In our use-case, the option search space consists of 84 parameter settings (in addition to the method parameters listed above, we also varied the time window for which to compute historical proportions for top-down forecast disaggregation) and 255 grouping structures, which results in more than 21,000 possible combinations. In order to make the entire search space tractable, we used an iterative approach to obtain optimal parameters and grouping structure. The iterative approach is shown in the picture below.

The search starts at a point in the search space with decent performance, based on experience of default parameters and a default grouping structure, from which we obtain a baseline mean absolute percent error (MAPE). We then fix the grouping structure, and search the space of parameters, to obtain “better” parameters (that minimize MAPE for that structure). We then fix those parameters, and vary the grouping structure to obtain a “better” grouping structure. We continue to iterate in this fashion until we see no change in selected parameters and the grouping structure.

As mentioned, we used MAPE to evaluate our approach, and measured its improvement from the baseline value. The validation is done using training/testing split on time series data of length *L,* where we train the model on *L-h* months and test it on the last *h* months.

## Architecture

In order to distribute the computation, we used an HDInsight cluster, specifically, a Spark cluster with R Server (with 4 nodes, 32 cores). Once we provisioned a cluster, it was simple to distribute the computation on Spark using Microsoft R Server, and in particular, its **rxExec()** function.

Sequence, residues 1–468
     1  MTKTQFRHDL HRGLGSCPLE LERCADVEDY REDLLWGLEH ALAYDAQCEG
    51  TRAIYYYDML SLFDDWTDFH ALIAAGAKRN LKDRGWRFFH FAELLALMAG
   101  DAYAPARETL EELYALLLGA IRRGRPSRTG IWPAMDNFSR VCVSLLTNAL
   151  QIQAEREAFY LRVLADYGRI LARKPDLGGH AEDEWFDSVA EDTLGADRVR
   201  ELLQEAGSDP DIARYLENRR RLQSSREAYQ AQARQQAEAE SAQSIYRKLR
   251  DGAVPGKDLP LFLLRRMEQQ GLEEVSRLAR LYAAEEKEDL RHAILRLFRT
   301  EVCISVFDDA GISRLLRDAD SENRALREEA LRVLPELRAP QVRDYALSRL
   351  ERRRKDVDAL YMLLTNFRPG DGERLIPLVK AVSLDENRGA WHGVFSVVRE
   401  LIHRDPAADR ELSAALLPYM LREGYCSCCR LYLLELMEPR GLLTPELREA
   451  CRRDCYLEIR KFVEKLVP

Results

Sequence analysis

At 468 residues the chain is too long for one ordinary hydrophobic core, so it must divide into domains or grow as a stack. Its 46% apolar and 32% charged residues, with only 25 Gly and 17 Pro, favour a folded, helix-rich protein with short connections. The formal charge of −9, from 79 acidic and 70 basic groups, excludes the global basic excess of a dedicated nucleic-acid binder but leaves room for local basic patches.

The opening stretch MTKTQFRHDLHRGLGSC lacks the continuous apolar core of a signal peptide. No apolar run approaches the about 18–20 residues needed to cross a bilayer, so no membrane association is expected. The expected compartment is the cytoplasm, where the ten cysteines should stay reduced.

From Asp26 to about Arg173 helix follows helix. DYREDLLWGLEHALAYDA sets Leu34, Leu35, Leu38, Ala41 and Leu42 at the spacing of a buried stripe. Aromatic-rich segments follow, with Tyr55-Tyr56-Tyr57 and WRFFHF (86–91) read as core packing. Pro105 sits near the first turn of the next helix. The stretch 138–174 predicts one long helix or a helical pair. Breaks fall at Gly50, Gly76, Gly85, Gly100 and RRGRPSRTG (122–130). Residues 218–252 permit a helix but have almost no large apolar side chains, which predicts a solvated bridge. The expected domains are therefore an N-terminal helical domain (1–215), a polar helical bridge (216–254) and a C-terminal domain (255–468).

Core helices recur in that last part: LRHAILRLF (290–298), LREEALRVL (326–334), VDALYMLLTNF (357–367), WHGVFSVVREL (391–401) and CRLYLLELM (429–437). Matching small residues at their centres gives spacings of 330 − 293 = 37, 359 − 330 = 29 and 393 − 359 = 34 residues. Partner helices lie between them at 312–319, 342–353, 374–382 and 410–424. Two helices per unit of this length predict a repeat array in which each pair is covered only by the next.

If we wrap our forecasting code in a function (e.g. run_hierarchical_forecast) with method parameters and grouping structure as input arguments, then we can map the search space specified in the input arguments to distribute the computation over the distributed system, using the following piece of code:

```
# Sets computing context to Spark
rxSetComputeContext(RxSpark())
rxResult <- rxExec(run_hierarchical_forecast,
rxElemArg(search_space),
… )
```

Now each time we run our demand forecasting application (described in our previous post), we can improve it by running an AutoML parameter optimization, as shown in the following picture.

## Results

We ran parameter optimization on a customer demand data set with an extensive grouping structure. We started by using default settings that resulted in baseline MAPE of 9.1%. These parameter settings and the grouping structure were selected based on customer preferences as well as the preliminary evaluation of forecasting performance that showed success against the customer’s existing forecasting system. After we ran our iterative optimization, we obtained optimal parameters and an optimal grouping structure that resulted in MAPE of 6.8% (due to confidentiality of the data, we cannot show the raw results). The **reduced error from 9.1% to 6.8%** in our use case translates into measurable business value resulting from improved monthly demand forecasts.

The total execution time took about one day (for an even faster performance, one could provision a cluster with more nodes, but for our use case it was not necessary). We estimated that if we ran the optimization on a single node, it would take about month and a half (based on the number of inividual runs and an average execution time of 144 minutes). The improvement by using Microsoft R Server to distribute the R code on the HDInsight cluster called for just the addition of a few lines of code shown above. (Setting the compute context and running rxExec() function).

For a simpler demonstration on searching a parameter space using ‘hts’ package and Microsoft R Server on a small public data set, please go to our sample script.

## References

- Package ‘hts’
- Forecasting: principles and practice – Chapter 9.4 Forecasting hierarchical or grouped time series
- Sample R Script
- HDInsight
- Microsoft R Server

Author: Vanja Paunić, Data Scientist, Microsoft